It was one of the most important trade centres of the ancient Tamil state and was referred to as the ‘city of Coromandel’ by the Portuguese. The 7th century poetic work, Tevaram, refers to the city as Nagai, and it was only during the Cholas’ era that the word pattinam was attached to it, as the land emerged as an important port.
Nagapattinam is, and has always been famous for its fishing village with sanctified monuments like the Vedaranyam, a neighbouring town in the namesake district which houses the famous Vedaranyeswarar Temple. Besides the temple, the town is also close to the ancient Nagore Dargah in Nagore, which was built in the 16th century.
My school friend Rajini, a great lover of seafood and historic sites, wanted to tour locations in Tamil Nadu to devour some of the best seafood, and also pay a visit to famous places of worship with legend attached to them. So, a road trip to Nagapattinam happened.
When you are comfortable with the car and the company, travelling with thoughts of a delicious meal after having visited sacred places makes it an ideal trip in every way. Rajini had another wish — that whichever hotel we went to, I must convince the chef to allow us to make a fish curry in his kitchen. As we approached a Star Hotel close to the sea after a tiring but a fulfilling trip, I was unsure whether I would be able to fulfil Rajini’s wishes. Prem, the chef, was reluctant at the strange request made, but Rajini piled on her charm, so he agreed and together we cooked a delectable Nagapattinam fish curry. The curry was seasoned with pink Himalayan salt after scattering a few green and red chillies, and curry leaves on top. We had it served with fluffy white rice. That afternoon, Rajini, in her gold and orange saree and gold hoops, savoured the fish curry and rice seated in a cool, glass-covered verandah facing the sea, watching the fishing boats and ships at a distance. She sipped on coconut water as she took tiny breaks from eating, with a melodious flute music in the background. She could not help but close her eyes in ecstasy after each mouthful. I, relishing my vegetarian fare, was glad to see her devour this heritage dish.
An aromatic heritage delicacy with fresh julienned ginger and garlic, added to the aromatic flavours of the Sankara fish curry make this stunning dish an all-time hit.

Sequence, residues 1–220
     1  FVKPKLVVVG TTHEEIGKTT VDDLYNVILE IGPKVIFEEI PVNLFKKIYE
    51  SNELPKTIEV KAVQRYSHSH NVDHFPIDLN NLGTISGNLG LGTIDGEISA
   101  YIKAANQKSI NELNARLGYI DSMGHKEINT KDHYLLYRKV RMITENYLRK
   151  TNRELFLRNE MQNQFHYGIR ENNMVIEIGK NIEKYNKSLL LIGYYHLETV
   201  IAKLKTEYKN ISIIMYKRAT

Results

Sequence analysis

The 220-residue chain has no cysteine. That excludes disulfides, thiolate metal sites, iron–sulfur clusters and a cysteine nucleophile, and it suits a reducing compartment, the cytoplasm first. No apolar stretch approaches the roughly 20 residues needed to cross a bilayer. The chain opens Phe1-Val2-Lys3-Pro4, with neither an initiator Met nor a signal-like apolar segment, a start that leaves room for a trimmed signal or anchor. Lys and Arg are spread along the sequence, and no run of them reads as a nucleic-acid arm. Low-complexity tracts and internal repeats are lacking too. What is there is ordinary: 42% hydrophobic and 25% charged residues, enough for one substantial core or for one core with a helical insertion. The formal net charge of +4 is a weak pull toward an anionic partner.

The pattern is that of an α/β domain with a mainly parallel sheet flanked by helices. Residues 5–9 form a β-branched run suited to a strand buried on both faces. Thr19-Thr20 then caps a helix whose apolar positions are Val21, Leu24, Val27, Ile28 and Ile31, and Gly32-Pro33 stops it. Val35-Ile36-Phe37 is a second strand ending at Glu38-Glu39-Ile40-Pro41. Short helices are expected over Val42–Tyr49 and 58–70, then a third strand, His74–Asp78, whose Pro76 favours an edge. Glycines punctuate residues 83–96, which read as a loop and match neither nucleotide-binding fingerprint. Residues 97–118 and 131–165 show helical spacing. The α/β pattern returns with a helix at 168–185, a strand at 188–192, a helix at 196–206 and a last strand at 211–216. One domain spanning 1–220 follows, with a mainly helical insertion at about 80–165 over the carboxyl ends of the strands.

Nagapattinam inji meen kozambu
Sankara meen/ Red snapper: 1 kg
Raw mango: 2 nos
Shallots: 150 gm
Tamarind pulp: 50 gm
Coconut/sesame oil: ¼ cup
Green chillies: 4
Garlic peeled: 1 whole
Ginger peeled: 1 tbsp julienne
Ginger crushed: 1 tsp
Ginger garlic paste: 1 tbsp
Red chillies: 10
Coriander seeds: 2 tbsp
Pepper: 1 tsp
Cumin seeds: 1 tsp
Black sesame seeds: 1 tsp
Turmeric powder: 1 tsp
Thick coconut milk: 1/2 cup
Lemon juice: 1/4 cup
Curry leaves: A handful
Pink Himalayan salt: To taste
- Clean the fish with salt, turmeric and then marinate it with turmeric, crushed ginger salt and lemon juice.
- Peel and cut the raw mango into small pieces.
- Soak the coriander seeds, red chillies, cumin, pepper and sesame seeds in lemon juice.
- After 10 minutes, grind the soaked masala to a fine paste.
- Extract pulp from soaked tamarind and set aside.
- Place a tawa on the stove on medium heat. Pour a teaspoon of oil and gently roast the fish on either side for five minutes.
- Julienne raw mango pieces, garlic pieces and saute. Set it aside.
- Now take a seasoned mud pot and place it on the stove. Pour the oil and allow it to heat up.
- When the oil is hot, season it with curry leaves, shallots (a few cut in half and the rest whole).
- When the shallots change colour slightly, saute the ginger garlic paste in it for about three minutes.
- Add in the tomatoes chopped into small cubes. Next add in the ground masala and saute for another four minutes on medium heat.
- Now add the tamarind pulp, rock salt, turmeric powder and let it all cook for five minutes.
- Add slit green chillies and some more curry leaves. Pour in some fresh coconut milk. 14. Add the fish to the gravy mixture gently, cooking it on medium heat for three minutes, as the fish is already cooked.
- Pour 1/4 teaspoon of coconut oil on top and remove the pot from the heat.
- Serve with fluffy white rice and fried papadums.
- To ensure the fish is fresh, press it on the surface to see if it dents in. The skin bounces back if the fish is fresh
- Never overcook the fish as it will break easily. Avoid stirring the curry after adding the fish
- Always try to use fresh coconut milk in fish curry for extra taste
— Chef Ramaa Shanker is the author of ‘Festive Offerings to the Gods: Divine Soul Recipes’